^b 1 The beginning of the gospel [John begins his Gospel from eternity, where the Word is found coexistent with God. Matthew begins with Jesus, the humanly generated son of Abraham and David, born in the days of Herod the king. Luke begins with the birth of John the Baptist, the Messiah's herald; and Mark begins with the ministry of John the Baptist. While the three other evangelists take a brief survey of the preparation of the gospel, Mark looks particularly to the period when it began to be preached. Gospel means good news, and news is not news until it is proclaimed. The gospel began to be preached or proclaimed with the ministry of John the Baptist (Luke xvi.16). His ministry was the dawn of that gospel of which Christ's preaching was the sunrise] of Jesus [Our Lord's name as a human being; it means "Saviour"] Christ [Though this is also sometimes used as a name, it is in reality our Lord's title. It means "the Anointed," and is equivalent to saying that Jesus is our Prophet, Priest and King] the Son of God. [This indicates our Lord's eternal nature; it was divine. Mark's gospel was written to establish that fact, which is the foundation of the church (Matt. xvi.18). John's Gospel was written for a like purpose (John xx.31). John uses the phrase "Son of God" twenty-nine times, and Mark seven times. As these two evangelists wrote chiefly for Gentile readers, they emphasized the divinity of Jesus, and paid less attention to his Jewish ancestry. But Matthew, writing for Hebrews, prefers the title "Son of David," which he applies to Jesus some nine times, that he may identify him as the Messiah promised in the seed of David -- II. Sam. vii.12; Ps. lxxii.1-17; lxxxix.3, 4; cxxxii.11, 12.] ^c 1 Now in the fifteenth year of the reign [Tiberius Cæsar, stepson of and successor to Augustus, began to reign as joint ruler with Augustus in August, A. U. C.765 (a.d.11). On Aug.19, 767, Augustus died and Tiberius became sole ruler. Luke counts from the beginning of the joint rule, and his fifteen years bring us to 779. In August, 779, Tiberius began his fifteenth year, and about December of that year Jesus would have completed his thirtieth year] of Tiberius Cæsar [He was born b.c.41, died March 16, a.d.37. As a citizen he distinguished himself as orator, soldier and public official. But as emperor he was slothful, self-indulgent, indescribably licentious, vindictive and cruel. He was a master of dissimulation and cunning, and was a veritable scourge to his people. But he still found flatterers even in Palestine, Cæsarea Philippi, and the town Tiberias being named for him], Pontius Pilate [see mention of him in account of our Lord's trial] being governor of Judæa [The province of Judæa was subdued by Pompey and brought under Roman control in b.c.63. Its history from that date till the governorship of Pilate can be found in Josephus], and Herod [Also called Antipas. The ruler who murdered John the Baptist and who assisted at the trial of Jesus] being tetrarch [this word means properly the ruler of a fourth part of a country, but was used loosely for any petty tributary prince] of Galilee [This province lay north of Samaria, and measured about twenty-five miles from north to south, and twenty-seven miles from east to west. It was a rich and fertile country], and his brother [half-brother] Philip [He was distinguished by justice and moderation, the one decent man in the Herodian family. He married Salome, who obtained John the Baptist's head for a dance. He built Cæsarea Philippi, and transformed Bethsaida Julius from a village to a city, and died there a.d.44. After his death his domains became part of the Roman province of Syria] tetrarch of the region of Ituræa [A district thirty miles long by twenty-five broad, lying north of Batanæa, east of Mt. Hermon, west of Trachonitis. It received its name from Jetur, son of Ishmael (Gen. xxv.15). Its Ishmaelite inhabitants were conquered by Aristobulus, king of Judæa, b.c.100, and forced by him to accept the Jewish faith. They were marauders, and famous for the use of the bow] and Trachonitis [A district about twenty-two miles from north to south by fourteen from east to west. Its name means "rough" or "stony," and it amply deserves it. It lies between Ituræa and the desert, and has been infested with robbers from the earliest ages. It is called the Argob in the Old Testament, "an ocean of basaltic rock and boulders, tossed about in the wildest confusion, and intermingled with fissures and crevices in every direction"], and Lysanias [Profane history gives us no account of this man. It tells of a Lysanias, king of Chalcis, under Mt. Lebanon, who was put to death by Mark Antony, b.c.36, or sixty-odd years before this, and another who was tetrarch of Abilene in the reigns of Caligula and Claudius twenty years after this. He probably was son of the first and father of the second] tetrarch of Abilene [The city of Abila (which comes from the Hebrew word "abel," meaning "meadow") is eighteen miles from Damascus and thirty-eight from Baalbec. The province laying about it is mentioned because it subsequently formed part of the Jewish territory, being given to Herod Agrippa I. by Emperor Claudius about a.d.41], 2; in the high priesthood of Annas and Caiaphas [Annas had been high priest 7-14 a.d., when he was deposed by the procurator, Gratus. Caiaphas was son-in-law of and successor to Annas. Luke gives both names, one as the rightful and the other as the acting high priest. Compare Acts iv.6. Gentile innovations had made sad havoc with the Jewish law as to this office. In the last one hundred and seven years of the temple's existence there were no less than twenty-eight high priests. Luke is the only one who fixes the time when Jesus began his ministry. He locates it by emperor and governor, tetrarch and high priest, as an event of world-wide importance, and of concern to all the kingdoms of men. He conceives of it as Paul did -- Acts xxvi.26], the word of God [The divine commission which bade John enter his career as a prophet (Jer. i.2; Ezek. vi.1). Prophets gave temporary and limited manifestations of God's will (Heb. i.1, 2). Jesus is the everlasting and unlimited manifestation of the divine purpose and of the very Godhead -- John xiv.9; xii.45; Col. i.15; Heb. i.3; II. Cor. iv.6] came unto John the son of Zacharias, in the wilderness. [The wilderness of Judæa is that almost uninhabitable mass of barren ridges extending the whole length of the Dead Sea, and a few miles further north. It is from five to ten miles wide.] ^a 1 And in those days [Some take this expression as referring to the years when Jesus dwelt at Nazareth. But it is better to regard it as a Hebraism equivalent to "that age" or "that era" (Ex. ii.11). It contrasts the era when the Baptist lived with the era when Matthew wrote his Gospel, just as we say "in these days of enlightenment" when we wish to contrast the present time with the days of the American Revolution] cometh John [he was cousin to Jesus] the Baptist [So called because God first gave through him the ordinance of baptism. It has been erroneously thought by some that John borrowed this ordinance from the Jewish practice of proselyte baptism. This could not be, for John baptized his converts, but Jewish proselytes baptized themselves. The law required such self-baptism of all persons who were unclean (Lev. xiv.9; Num. xix.19; viii.7; Lev. xv., xvi .). More than twenty distinct cases are specified in which the law required bathing or self-baptism, and it is to these Paul refers when he states that the law consisted in part "of divers baptisms" (Heb. ix.10). But the law did not require this of proselytes, and proselyte baptism was a human appendage to the divinely given Jewish ritual, just as infant baptism is to the true Christian ritual. Proselyte baptism is not mentioned in history till the third century of the Christian era. Neither Josephus, nor Philo, nor the Apocrypha, nor the Targums say anything about it, though they all mention proselytes. In fact, the oldest mention of it in Jewish writings is in the Babylonian Gemara, which was completed about five hundred years years after Christ. The New Testament implies the non-existence of proselyte baptism ( Matt. xxi.25; John i.25, 33). John could hardly have been called the Baptist, had he used an old-time rite in the accustomed manner. The Baptist was a link between the Old and New Testament. Belonging to the Old, he announced the New], preaching [Not sermonizing, but crying out a message as a king's herald making a proclamation, or a policeman crying "Fire!" in a slumbering town. His discourse was brief and unembellished. Its force lay in the importance of the truth announced. It promised to the Hebrew the fulfillment of two thousand years of longing. It demanded repentance, but for a new reason. The old call to repentance had wooed with the promise of earthly blessings, and warned with the threat of earthly judgments; but John's repentance had to do with the kingdom of heaven and things eternal. It suggested the Holy Spirit as a reward, and unquenchable fire as the punishment] in the wilderness of Judæa [that part of the wilderness which John chose for the scene of his ministry is a desert plain, lying along the western bank of the Jordan, between Jericho and the Dead Sea] , saying, 2 Repent ye [to repent is to change the will in reference to sin, resolving to sin no more] for [John sets forth the motive for repentance. Repentance is the duty, and the approach of the kingdom is the motive inciting to it. Only by repentance could the people be prepared for the kingdom. Those who are indifferent to the obligations of an old revelation would be ill-prepared to receive a new one] the kingdom of heaven is at hand [Dan. ii.44. "Kingdom of heaven" is peculiar to Matthew, who uses it thirty-one times. He also joins with the other evangelists in calling it the kingdom of God. We know not why he preferred the expression, "kingdom of heaven."] 3 For this is he that was spoken of through Isaiah the prophet, ^c 3 And he came [he made his public appearance, and, like that of Elijah, it was a sudden one -- I. Kings xvii.1] into all the region about the Jordan [The Jordan valley is called in the old Testament the Arabah, and by the modern Arabs the Ghor. It is the deepest valley in the world, its lowest part being about thirteen hundred feet below the level of the ocean] preaching the baptism of repentance unto the remission of sins [as a change leading to remission or forgiveness of sins] ^b even ^c 4 as it is written in the book of the words of Isaiah the prophet [Isaiah flourished from about 759 to 699 b.c.], ^a saying, ^b Behold [The clause beginning with "Behold," and ending with "way," is taken from Mal. iii.1. The Revised Version makes Mark quote this passage as if it were from Isaiah, the reading being "written in Isaiah the prophet," but the King James' version gives the reading "written in the prophets." Following the reasoning of Canon Cook, we hold that the latter was the original reading -- see Speaker's Commentary, note at the end of Mark i.] I send my messenger [John the Baptist was that messenger] before thy face [Malachi says, "my face." "Thy" and "my" are used interchangeably, because of the unity of the Deity -- John x.30], who shall prepare thy way [Mark says little about the prophets, but at the outset of his Gospel he calls attention to the fact that the entire pathway of Jesus was the subject of prophetical prediction]; ^c The voice [Isaiah xl.3, 4, quoted from the LXX. The words were God's, the voice was John's. So Paul also spake (I. Thess. ii.1-13). It was prophesied before he was born that John should be a preparing messenger for Christ -- Luke i.17] of one crying in the wilderness [This prophecy of Isaiah's could relate to none but John, for no other prophet ever made the wilderness the scene of his preaching. But John always preached there, and instead of going to the people, he compelled the people to come out to him. John was the second Elijah. The claims of all who in these days profess to be reincarnations of Elijah may be tested and condemned by this prophecy, for none of them frequent the wilderness], Make ye ready the way [See also Isa. xxxv.8-10. Isaiah's language is highly figurative. It represents a band of engineers and workmen preparing the road for their king through a rough, mountainous district. The figure was familiar to the people of the East, and nearly every generation there witnessed such road-making. The haughty Seriramis leveled the mountains before her. Josephus, describing the march of Vespasian, says that there went before him such as were to make the road even and straight, and if it were anywhere rough and hard, to smooth it over, to plane it, and to cut down woods that hindered the march, that the army might not be tired. Some have thought that Isaiah's prophecy referred primarily to the return of the Jewish captives from Babylon. But it refers far more directly to the ministry of the Baptist; for it is not said that the way was to be prepared for the people, but for Jehovah himself. It is a beautiful figure, but the real preparation was the more beautiful transformation of repentance. By inducing repentance, John was to prepare the people to receive Jesus and his apostles, and to hearken to their preaching] of the Lord, Make his paths straight.5 Every valley shall be filled, And every mountain and hill shall be brought low; And the crooked shall become straight, And the rough way smooth [The literal meaning of this passage is expressed at Isa. ii.12-17. See also Zech. iv.7. Commentators give detailed application of this prophecy, and, following their example, we may regard the Pharisees and Sadducees as mountains of self-righteousness, needing to be thrown down, and thereby brought to meekness and humility; the outcasts and harlots as valleys of humiliation, needing to be exalted and filled with hope; and the publicans and soldiers as crooked and rough byways, needing to be straightened and smoothed with proper details of righteousness. But the application is general, and not to be limited to such details. However, civil tyranny, and ecclesiastical pride must be leveled, and the rights of the common people must be exalted before for kingdom of God can enter in] ; 6 And all flesh shall see the salvation of God [This last clause of the prophecy is added by Luke alone. He loves to dwell upon the universality of Christ's gospel.] ^b 4 John came, who baptized in the wilderness and preached the baptism of repentance unto the remission of sins. [Pardoning mercy was to be found in Christ, and all rites then looked forward to the cleansing effected by the shedding of his blood, as all rites now look back to it. But in popular estimation John's baptism was no doubt regarded as consummating an immediate forgiveness] ^a 4 Now John himself [Himself indicates that John's manner of life differed from that of his disciples. He did not oblige them to practice the full measure of his abstinence] had his raiment of [John's dress and food preached in harmony with his voice. His clothing and fare rendered him independent of the rich and great, so that he could more freely and plainly rebuke their sins. Calling others to repentance, he himself set an example of austere self-denial. So much so that the Pharisees said he had a demon -- Matt. xi.18] ^b 6 And was clothed with ^a camel's hair [Camels were plentiful in the East. Their finer hair was woven into elegant cloths; but that which was coarser and shaggier was made into a fabric like our druggets, and used for the coats of shepherds and camel-drivers, and for the covering of tents. Prophets often wore such cloth (Zech. xiii.4), and no doubt it was the habitual garb of John's prototype (Mal. iv.5), the prophet Elijah (II. Kings i.8). In Elijah's day there was demand for protest against the sad havoc which Phoenician luxury and licentiousness were making with the purer morals of Israel; and in John's day a like protest was needed against a like contamination wrought by Greek manners and customs. Both prophets, by their austerity, rebuked such apostasy, and Jezebel answered the rebuke by attempting Elijah's life, while Herodias actually took the life of John. As a herald, John was suited to the King whose appearing he was to announce, for Jesus was meek and lowly (Zech. ix.9), and had no form nor comeliness that he should be desired -- Isa. liii.2], and a leathern girdle about his loins [The loose skirts worn in the East required a girdle to bind them to the body. This was usually made of linen or silk, but was frequently more costly, being wrought with silver and gold. John's girdle was plain, undressed leather]; And his food was { ^b and did eat} ^a locusts [Locusts, like Western grasshoppers, were extremely plentiful (Joel i.4; Isa. xxxiii.4, 5). The law declared them clean, and thus permitted the people to eat them for food (Lev. xi.22). Arabs still eat them, and in some Oriental cities they are found for sale in the market. But they are regarded as fit only for the poor. They are frequently seasoned with camel's milk and honey] and wild honey. [Canaan was promised as a land flowing with milk and honey (Ex. ii.8-17; xiii.15; I. Sam. xiv.26). Many of the trees in the plains of Jericho, such as the palm, fig, manna, ash and tamarisk, exuded sweet gums, which went by the name of tree honey, but there is no need to suppose, as some do, that this was what John ate. The country once abounded in wild bees, and their honey was very plentiful. We have on the record an instance of the speed with which they could fill the place which they selected for their hives (Judg. xiv.5-9). The diet of the Baptist was very light, and Jesus so speaks of it (Matt. xi.18). He probably had no set time for his meals, and all days were more or less fast-days. Thus John gave himself wholly to his ministry, and became a voice -- all voice. John took the wilderness for a church, and filled it. He courted no honors, but no Jew of his time received more of them, and by some he was even regarded as Messiah -- Luke iii.15.] ^b 5 And there ^a 5 Then went out unto him ^b all [A hyperbole common with Hebrew writers and such as we use when we say, "the whole town turned out," "everybody was there," etc. Both Matthew and Luke show that some did not accept John's baptism (Matt. xxi.23-25; Luke vii.30). But from the language of the evangelist we might infer that, first and last, something like a million people may have attended John's ministry] the country of Judæa, and all they of Jerusalem; ^a all the region round about the Jordan [The last phrase includes the entire river valley. On both sides of the river between the lake of Galilee and Jericho, there were many important cities, any one of which would be more apt to send its citizens to John's baptism than the proud capital of Jerusalem] ; 6 and they were baptized of him [Literally, immersed by him. In every stage of the Greek language this has been the unquestioned meaning of the verb baptizo, and it still retains this meaning in modern Greek. In accordance with this meaning, the Greek Church, in all its branches, has uniformly practiced immersion from the earliest period to the present time. Greek Christians never speak of other denominations as "baptizing by sprinkling," but they say, "they baptize instead of baptizing." John's baptism was instituted of God (John i.33), just as Christian baptism was instituted by Christ (Matt. xxviii.19). The Pharisees recognized John's rite as so important as to require divine authority, and even then they underestimated it, regarding it as a mere purification -- Josephus Ant. xviii.5, 2] in the river Jordan, confessing their sins. [As John's baptism was for the remission of sins, it was very proper that it should be preceded by a confession. The context indicates that the confession was public and general. There is no hint of such auricular confession as is practiced by the Catholics. See also Acts xix.18. John, writing to baptized Christians, bids them to confess their sins, that Jesus may forgive them (I. John i.9). Christian baptism is also for the remission of sins (Acts ii.38), the ordinance itself a very potent confession that the one baptized has sins to be remitted, and it seems to be a sufficient pubic expression of confession as to sins; for while John's baptism called for a confession sins, Christian baptism calls only for a confession of faith in Christ -- Acts xxii.16; Rom. x.9, 10; Mark xvi.16.] 7 But when he saw many of the Pharisees and Sadducees [Josephus tells us that these two leading sects of the Jews started about the same time in the days of Jonathan, the high priest, or b.c.159-144. But the sentiments which at that time divided the people into two rival parties entered the minds and hearts of the Jews immediately after the return from the Babylonian captivity. These returned Jews differed as to the attitude and policy which Israel should manifest toward the neighboring heathen. Some contended for a strict separation between the Jews and all pagan peoples. These eventually formed the Pharisee party, and the name Pharisee means "the separate." Originally these men were genuine patriots and reformers, but afterwards the majority of them became mere formalists. As theologians the Pharisees represented the orthodox party, and were followed by the vast majority of the people. They believed (1) in the resurrection of the dead; (2) a future state with rewards and punishments; (3) angels and spirits; and (4) a special providence of God carried out by angels and spirits. As a sect they are said to have numbered six thousand at the time of Herod's death. They were the patriotic party, and the zealots were their extreme section. They covered an extremely selfish spirit with a pious formalism, and by parading their virtues they obtained an almost unbounded influence over the people. By exposing their hypocrisy, Jesus sought to destroy their power over the multitude, and incurred that bitter enmity with which they pursued him to his death. But certain other of the captives who returned from Babylon desired a freer intercourse with the pagans, and sought to break away from every restraint which debarred therefrom. These became Sadducees. They consented to no other restraint than the Scriptures themselves imposed, and they interpreted these as laxly as possible. Some take their name to means "the party of 'righteousness,'" but more think it comes from their founder, Zadok, and is a corruption of the word Zadokite. Zadok flourished 260 b.c. His teacher, Antigonus Sochæus, taught him to serve God disinterestedly -- that is, without hope of reward or punishment. From his teaching Zadok inferred that there was no future state of rewards or punishment, and on this belief founded his sect. From this fundamental doctrine sprang the other tenets of the Sadducees. They denied all the four points held by the Pharisees, asserting that there was no resurrection; no rewards and punishments hereafter; no angels, no spirits. They believed there was a God, but denied that he had any special supervision of human affairs (Matt. xxii.23; Acts xxiii.8). They were the materialists of that day. Considering all God's promises as referring to this world, they looked upon poverty and distress as evidence of God's curse. Hence to relieve the poor was to sin against God in interfering with his mode of government. Far fewer than the Pharisees, they were their rivals in power; for they were the aristocratic party, and held the high-priesthood, with all its glories. Their high political position, their great wealth, and the Roman favor which they courted by consenting to foreign rule and pagan customs, made them a body to be respected and feared] coming to his baptism, he said { ^c therefore to the multitudes that went out to be baptized on him} ^a unto them [John spoke principally to the leaders, but his denunciation indirectly included the multitude who followed their leadership], Ye offspring of vipers [A metaphor for their likeness to vipers -- as like them as if they had been begotten of them. The viper was a species of serpent from two to five feet in length, and about one inch thick. Its head is flat, and its body a yellowish color, speckled with long brown spots. It is extremely poisonous (Acts xxviii.6). John here uses the word figuratively, and probably borrows the figure from Isa. lix.5. It means that the Jewish rulers were full of guile and malice, cunning and venom. With these words John gave them a vigorous shaking, for only thus could he hope to waken their slumbering consciences. But only one who has had a vision of "the King in his beauty," should presume thus to address his fellow-men. The serpent is an emblem of the devil (Gen. iii.1; Rev. xii.9, 14, 15), and Jesus not only repeated John's words (Matt. xii.35; xxiii.23, 33), but he interpreted the words, and told them plainly that they were "the children of the devil" (John viii.44). The Jewish rulers well deserved this name, for they poisoned the religious principles of the nation, and accomplished the crucifixion of the Son of God], who warned you to flee [John's baptism, like that of Moses at the Red Sea (I. Cor. x.2), was a way of escape from destruction, of rightly used. Christian baptism is also such a way, and whosoever will may enter thereby into the safety of the kingdom of Christ, but baptism can not be used as an easy bit of ritual to charm away evil. It must be accompanied by all the spiritual changes which the ordinance implies] from the wrath to come? [Prophecy foretold that Messiah's times would be accompanied with wrath (Isa. lxiii.3-6; Dan. vii.10-26); but the Jews were all of the opinion that this wrath would be meted out upon the Gentiles and were not prepared to hear John apply the prophecy to themselves. To all his hearers John preached the coming kingdom; to the impenitent, he preached the coming wrath. Thus he prepared the way for the first coming of the Messiah, and those who would prepare the people for his second coming would do well to follow his example. The Bible has a voice of warning and denunciation, as well as words of invitation and love. Whosoever omits the warning of the judgment, speaks but half the message which God would have him deliver. God's wrath is his resentment against sin -- Matt. xviii.34; xxii.7; Mark iii.5.] 8 Bring forth therefore fruit worthy of repentance [John had demanded repentance, he now demands the fruits of it. By "fruit" or "fruits," as Luke has it, he means the manner of life which shows a real repentance]: 9 and think not { ^c begin not} [John nips their self-excuse in the bud] ^a to say within yourselves [speaking to your conscience to quiet it], We have Abraham to our father [The Jews thought that Messiah would rule over them as a nation, and that all Jews would, therefore, be by birthright citizens of his kingdom. They thought that descent from Abraham was all that would be necessary to bring them into that kingdom. John's words must have been very surprising to them. The Talmud is full of expressions showing the extravagant value which Jews of a later age attached to Abrahamic descent. "Abraham," it says, "sits next the gates of hell, and doth not permit any wicked Israelite to go down into it." Again, it represents God as saying to Abraham, "If thy children were like dead bodies without sinews or bones, thy merit would avail for them." Again, "A single Israelite is worth more before God than all the people who have been or shall be." Again, "The world was made for their [Israel's] sake." This pride was the more inexcusable because the Jews were clearly warned by their prophets that their privileges were not exclusive, and that they would by no means escape just punishment for their sins (Jer. vii.3, 4; Mic. iii.11; Isa. xlviii.2). John repeated this message, and Jesus reiterated it (Matt. viii.11, 12; Luke xvi.23). We should note that in this preparation for the gospel a blow was struck at confidence and trust in carnal descent. Birth gives no man any privileges in the kingdom of God, for all are born outside of it, and all must be born again into it (John i.13; iii.3); yet many still claim peculiar rights from Christian parentage, and infant baptism rests on this false conception. The New Testament teaches us that we are children of Abraham by faith, and not by blood; by spiritual and not carnal descent (Rom. iv.12-16; Gal. iii.26; vi.15; John viii.39). It had been better for the Jews never to have heard of Abraham, than to have thus falsely viewed the rights which they inherited from him]: for I say unto you, that God is able of these stones to raise up children unto Abraham [John meant that their being children of Abraham by natural descent gave them no more merit than children of Abraham made out of stone would have. He pointed to the stones along the bank of Jordan as he spoke.] 10 And even now the axe ^c also ^a lieth at the root of the trees: every tree therefore that bringeth not forth good fruit is hewn down [The threatened cutting down means the end of the probation of each hearer, when, if found fruitless, he would be cast into the fire mentioned below], and cast into the fire. [Used as fuel.] ^c 10 And the multitudes asked him, saying, What then must we do? [This is the cry of the awakened conscience (Acts ii.37; xvi.30; xxii.10). John answered it by recommending them to do the very reverse of what they were doing, which, in their case, was true fruit of repentance.] 11 And he answered and said unto them, He that hath two coats [By coat is meant the tunic, or inner garment, worn next to the skin. It reached to the knees, and sometimes to the ankles, and generally had sleeves. Two tunics were a luxury in a land where thousands were too poor to own even one. Wrath was coming, and he that would obtain mercy from it must show mercy -- Matt. v.7], let him impart to him that hath none [For a like precept given to Christians, see II. Cor. viii.13-15; Jas. ii.15-17; I. John iii.17]; and he that hath food, let him do likewise.12 And there came also publicans [The Roman Government did not collect its own taxes. Instead of doing so, it divided the empire into districts, and sold the privilege of collecting the taxes in these districts to certain capitalists and men of rank. The capitalists employed agents to do the actual collecting. These agents were usually natives of the districts in which they lived, and those in Palestine were called publicans. Their masters urged and encouraged them to make the most fraudulent and vexatious exactions. They systematically overcharged the people and often brought false accusation to obtain money by blackmail. These publicans were justly regarded by the Jews as apostates and traitors, and were classed with the lowest and most abandoned characters. The system was bad, but its practitioners were worse. The Greeks regarded the word "publican" as synonymous with "plunderer." Suidas pictures the life of a publican as "unrestrained plunder, unblushing greed, unreasonable pettifogging, shameless business." The Turks to-day collect by this Roman method. Being publicly condemned, and therefore continually kept conscious of their sin, the publicans repented more readily than the self-righteous Pharisees. Conscience is one of God's greatest gifts, and he that destroys it must answer for it] to be baptized, and they said unto him, Teacher [The publicans, though lowest down, gave John the highest title. Self-abnegation is full of the virtue of reverence, but self-righteousness utterly lacks it], what must we do? 13 And he said unto them, Extort no more than that which is appointed you. [Such was their habitual, universal sin. No man should make his calling an excuse for evil-doing.] 14 And soldiers [These soldiers were probably Jewish troops in the employ of Herod. Had they been Romans, John would doubtless have told them to worship God] also asked him, saying, And we, what must we do? And he said unto them, Extort from no man by violence [The soldiers, poorly paid, often found it convenient to extort money by intimidation. Strong in their organization, they terrified the weak and enforced gratuities by acts of violence], neither accuse any one wrongfully [John here condemns the custom of blackmailing the ric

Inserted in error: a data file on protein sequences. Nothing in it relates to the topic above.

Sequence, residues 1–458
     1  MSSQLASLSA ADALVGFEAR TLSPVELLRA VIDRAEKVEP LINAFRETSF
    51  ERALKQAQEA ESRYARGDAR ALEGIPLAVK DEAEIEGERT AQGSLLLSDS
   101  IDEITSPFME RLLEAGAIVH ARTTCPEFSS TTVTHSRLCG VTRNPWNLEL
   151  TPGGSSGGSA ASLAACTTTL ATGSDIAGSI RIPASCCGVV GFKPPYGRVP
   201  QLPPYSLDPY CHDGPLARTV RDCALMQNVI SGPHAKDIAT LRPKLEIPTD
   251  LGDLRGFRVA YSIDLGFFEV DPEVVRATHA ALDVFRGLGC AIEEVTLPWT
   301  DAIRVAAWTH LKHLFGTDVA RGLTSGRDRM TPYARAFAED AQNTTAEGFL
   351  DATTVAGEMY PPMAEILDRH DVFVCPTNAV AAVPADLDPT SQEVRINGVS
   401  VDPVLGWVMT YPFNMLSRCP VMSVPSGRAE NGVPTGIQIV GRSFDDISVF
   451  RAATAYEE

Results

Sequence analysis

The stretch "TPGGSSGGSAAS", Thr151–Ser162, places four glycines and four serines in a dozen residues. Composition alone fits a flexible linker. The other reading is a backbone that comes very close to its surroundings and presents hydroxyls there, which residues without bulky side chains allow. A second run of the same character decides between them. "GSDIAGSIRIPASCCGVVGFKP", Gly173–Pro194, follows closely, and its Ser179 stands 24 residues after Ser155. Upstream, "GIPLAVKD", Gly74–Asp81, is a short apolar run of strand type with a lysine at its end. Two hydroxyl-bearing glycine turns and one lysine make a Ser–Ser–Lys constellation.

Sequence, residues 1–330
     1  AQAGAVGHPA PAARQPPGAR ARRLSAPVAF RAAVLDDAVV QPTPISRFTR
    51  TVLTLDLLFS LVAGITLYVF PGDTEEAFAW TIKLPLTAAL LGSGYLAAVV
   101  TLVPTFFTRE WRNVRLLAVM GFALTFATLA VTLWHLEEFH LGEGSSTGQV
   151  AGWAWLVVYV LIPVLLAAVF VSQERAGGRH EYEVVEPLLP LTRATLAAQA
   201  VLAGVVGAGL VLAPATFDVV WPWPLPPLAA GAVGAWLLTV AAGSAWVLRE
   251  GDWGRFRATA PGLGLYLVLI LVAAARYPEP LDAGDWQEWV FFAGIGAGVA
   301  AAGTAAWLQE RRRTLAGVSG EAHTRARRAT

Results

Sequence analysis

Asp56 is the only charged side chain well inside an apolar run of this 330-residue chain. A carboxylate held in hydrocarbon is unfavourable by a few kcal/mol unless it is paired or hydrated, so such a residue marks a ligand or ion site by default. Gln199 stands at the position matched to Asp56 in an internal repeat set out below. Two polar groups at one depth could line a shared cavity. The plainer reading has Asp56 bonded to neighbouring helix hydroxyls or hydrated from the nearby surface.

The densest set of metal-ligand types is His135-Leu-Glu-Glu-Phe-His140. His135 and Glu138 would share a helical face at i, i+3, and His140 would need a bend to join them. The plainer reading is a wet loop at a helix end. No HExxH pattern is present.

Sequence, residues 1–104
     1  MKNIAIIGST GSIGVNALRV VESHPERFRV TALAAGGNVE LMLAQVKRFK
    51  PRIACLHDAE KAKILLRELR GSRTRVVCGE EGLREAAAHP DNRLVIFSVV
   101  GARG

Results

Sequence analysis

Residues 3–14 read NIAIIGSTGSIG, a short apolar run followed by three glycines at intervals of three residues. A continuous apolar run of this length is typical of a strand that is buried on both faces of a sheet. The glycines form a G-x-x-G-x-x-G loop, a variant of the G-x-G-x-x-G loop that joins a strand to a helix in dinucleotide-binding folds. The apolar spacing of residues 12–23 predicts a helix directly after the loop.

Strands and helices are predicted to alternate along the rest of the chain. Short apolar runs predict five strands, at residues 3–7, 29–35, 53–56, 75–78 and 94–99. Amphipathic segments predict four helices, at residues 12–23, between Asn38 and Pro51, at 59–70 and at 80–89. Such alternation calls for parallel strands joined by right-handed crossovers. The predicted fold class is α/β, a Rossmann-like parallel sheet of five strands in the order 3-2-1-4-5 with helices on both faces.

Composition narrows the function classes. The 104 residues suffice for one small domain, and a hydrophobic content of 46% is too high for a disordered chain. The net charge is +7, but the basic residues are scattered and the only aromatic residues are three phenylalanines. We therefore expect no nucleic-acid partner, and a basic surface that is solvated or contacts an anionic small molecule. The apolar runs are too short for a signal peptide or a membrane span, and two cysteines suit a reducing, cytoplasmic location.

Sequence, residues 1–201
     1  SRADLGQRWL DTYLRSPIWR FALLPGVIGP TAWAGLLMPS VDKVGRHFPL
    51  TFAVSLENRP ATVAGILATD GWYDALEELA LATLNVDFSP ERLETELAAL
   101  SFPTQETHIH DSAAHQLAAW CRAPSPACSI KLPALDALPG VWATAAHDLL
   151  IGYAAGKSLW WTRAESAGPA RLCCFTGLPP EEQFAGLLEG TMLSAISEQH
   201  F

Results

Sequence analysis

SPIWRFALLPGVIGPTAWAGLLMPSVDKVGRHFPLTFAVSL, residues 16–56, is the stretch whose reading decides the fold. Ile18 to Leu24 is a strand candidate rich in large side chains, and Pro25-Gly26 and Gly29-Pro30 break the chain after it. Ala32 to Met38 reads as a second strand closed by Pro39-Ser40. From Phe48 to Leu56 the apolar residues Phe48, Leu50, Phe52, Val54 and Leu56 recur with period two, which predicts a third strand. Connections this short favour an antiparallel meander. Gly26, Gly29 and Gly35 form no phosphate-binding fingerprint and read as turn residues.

xvi jesus living at nazareth